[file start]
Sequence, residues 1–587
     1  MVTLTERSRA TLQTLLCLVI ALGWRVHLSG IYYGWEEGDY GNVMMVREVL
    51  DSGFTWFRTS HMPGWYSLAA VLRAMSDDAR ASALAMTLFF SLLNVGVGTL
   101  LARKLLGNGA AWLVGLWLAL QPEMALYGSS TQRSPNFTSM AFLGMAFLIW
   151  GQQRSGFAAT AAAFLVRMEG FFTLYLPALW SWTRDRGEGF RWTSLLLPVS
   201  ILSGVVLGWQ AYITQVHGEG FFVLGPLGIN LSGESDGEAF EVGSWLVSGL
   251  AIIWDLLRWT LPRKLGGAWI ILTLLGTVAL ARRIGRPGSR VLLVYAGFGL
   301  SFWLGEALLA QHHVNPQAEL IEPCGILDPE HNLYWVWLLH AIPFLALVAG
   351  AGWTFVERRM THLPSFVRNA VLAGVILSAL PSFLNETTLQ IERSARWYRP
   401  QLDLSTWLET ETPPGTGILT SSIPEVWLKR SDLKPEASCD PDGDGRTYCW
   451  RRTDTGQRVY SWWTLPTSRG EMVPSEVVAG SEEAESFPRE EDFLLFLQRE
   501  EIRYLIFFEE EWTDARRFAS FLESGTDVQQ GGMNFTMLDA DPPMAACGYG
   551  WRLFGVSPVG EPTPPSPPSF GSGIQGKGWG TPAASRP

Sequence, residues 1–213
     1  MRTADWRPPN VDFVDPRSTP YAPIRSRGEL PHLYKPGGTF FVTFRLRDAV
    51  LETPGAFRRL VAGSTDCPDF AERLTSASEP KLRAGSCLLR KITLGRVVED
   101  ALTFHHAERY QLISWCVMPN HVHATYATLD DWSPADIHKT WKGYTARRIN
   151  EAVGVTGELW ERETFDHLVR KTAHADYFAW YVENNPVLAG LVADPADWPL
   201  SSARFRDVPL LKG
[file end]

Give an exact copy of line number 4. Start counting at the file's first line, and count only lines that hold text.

   101  LARKLLGNGA AWLVGLWLAL QPEMALYGSS TQRSPNFTSM AFLGMAFLIW